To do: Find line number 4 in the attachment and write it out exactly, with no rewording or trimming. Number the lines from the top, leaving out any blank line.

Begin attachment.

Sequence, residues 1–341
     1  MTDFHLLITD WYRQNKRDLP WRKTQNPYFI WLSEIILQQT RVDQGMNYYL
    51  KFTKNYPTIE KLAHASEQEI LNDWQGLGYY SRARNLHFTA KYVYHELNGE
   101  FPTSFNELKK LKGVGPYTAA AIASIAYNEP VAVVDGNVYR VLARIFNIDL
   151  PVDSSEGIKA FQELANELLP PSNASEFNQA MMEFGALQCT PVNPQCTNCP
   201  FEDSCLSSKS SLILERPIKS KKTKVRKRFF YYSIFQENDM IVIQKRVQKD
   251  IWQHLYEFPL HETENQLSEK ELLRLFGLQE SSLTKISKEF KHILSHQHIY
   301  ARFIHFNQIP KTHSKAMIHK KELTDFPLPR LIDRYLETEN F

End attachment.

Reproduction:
   101  FPTSFNELKK LKGVGPYTAA AIASIAYNEP VAVVDGNVYR VLARIFNIDL